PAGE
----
Earlier this week, when looking at a critical real-time indicator of US loan activity - the Dallas Fed's latest Banking Conditions Survey - which provides an early glimpse into loan supply and demand at least until the next SLOOS is released in early May, we warned that loan demand had collapsed, while credit standards had tightened to the point where there was virtually no new credit supply for broad swaths of the economy. Here is the key quote from the survey:
Loan demand declined for the fifth period in a row as bankers in the March survey reported worsening business activity. Loan volumes fell, driven largely by a sharp contraction in consumer loans.... Credit standards and terms continued to tighten sharply, and marked rises in loan pricing were also noted over the reporting period. Banking outlooks continued to deteriorate, with contacts expecting a contraction in loan demand and business activity and an increase in nonperforming loans over the next six months. Some contacts cited waning consumer confidence from recent financial instability as a concern.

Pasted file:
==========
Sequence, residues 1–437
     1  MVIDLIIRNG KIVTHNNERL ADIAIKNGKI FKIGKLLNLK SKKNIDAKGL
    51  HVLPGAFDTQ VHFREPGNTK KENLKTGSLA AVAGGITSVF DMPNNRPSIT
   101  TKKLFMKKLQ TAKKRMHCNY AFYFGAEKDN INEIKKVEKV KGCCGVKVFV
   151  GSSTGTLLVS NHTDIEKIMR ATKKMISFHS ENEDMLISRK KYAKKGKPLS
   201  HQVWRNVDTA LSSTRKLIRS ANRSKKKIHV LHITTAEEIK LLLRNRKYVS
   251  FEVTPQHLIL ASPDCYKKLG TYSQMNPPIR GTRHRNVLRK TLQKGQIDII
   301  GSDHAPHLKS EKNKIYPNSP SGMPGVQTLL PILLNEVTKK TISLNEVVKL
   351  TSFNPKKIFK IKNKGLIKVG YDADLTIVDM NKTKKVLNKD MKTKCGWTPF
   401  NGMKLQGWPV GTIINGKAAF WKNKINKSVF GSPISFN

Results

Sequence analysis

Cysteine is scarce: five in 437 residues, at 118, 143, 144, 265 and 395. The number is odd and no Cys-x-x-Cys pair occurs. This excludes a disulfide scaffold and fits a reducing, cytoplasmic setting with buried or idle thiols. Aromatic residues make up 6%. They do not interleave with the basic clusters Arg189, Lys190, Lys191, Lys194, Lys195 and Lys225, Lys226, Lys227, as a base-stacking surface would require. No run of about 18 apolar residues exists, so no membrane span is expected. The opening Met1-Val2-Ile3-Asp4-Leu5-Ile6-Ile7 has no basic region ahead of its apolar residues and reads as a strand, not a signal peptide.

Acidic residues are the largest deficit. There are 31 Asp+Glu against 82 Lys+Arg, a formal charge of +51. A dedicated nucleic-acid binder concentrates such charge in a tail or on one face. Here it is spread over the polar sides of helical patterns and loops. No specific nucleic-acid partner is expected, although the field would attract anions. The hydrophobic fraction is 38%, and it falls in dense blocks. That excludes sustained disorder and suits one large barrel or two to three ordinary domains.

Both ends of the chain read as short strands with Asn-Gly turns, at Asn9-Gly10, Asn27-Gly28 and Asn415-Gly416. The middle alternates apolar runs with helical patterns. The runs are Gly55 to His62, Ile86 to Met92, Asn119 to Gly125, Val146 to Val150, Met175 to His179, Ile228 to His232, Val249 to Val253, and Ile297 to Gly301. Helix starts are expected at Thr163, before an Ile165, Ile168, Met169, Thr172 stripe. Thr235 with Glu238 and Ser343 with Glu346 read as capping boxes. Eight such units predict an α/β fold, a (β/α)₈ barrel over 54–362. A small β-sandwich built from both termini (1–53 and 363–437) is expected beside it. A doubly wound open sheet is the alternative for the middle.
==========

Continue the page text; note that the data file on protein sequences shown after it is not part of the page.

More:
It goes without saying that a loan moratorium is a big problem for the US economy where 70% of growth comes from mostly credit-funded spending. But it's an even bigger problem for those small banks that had gotten hit especially hard during the recent bank crisis, and their customers: as we also discussed previously, banks with less than $250bn in assets are responsible for roughly 50% of US commercial and industrial lending, 60% of residential real estate lending, 80% of commercial real estate lending, and 45% of consumer lending. And with key segments of the economy locked out of critical lines of funding, GDP will crater and the US will spiral into a recession, just as the "inflation-fighting" Fed ordered.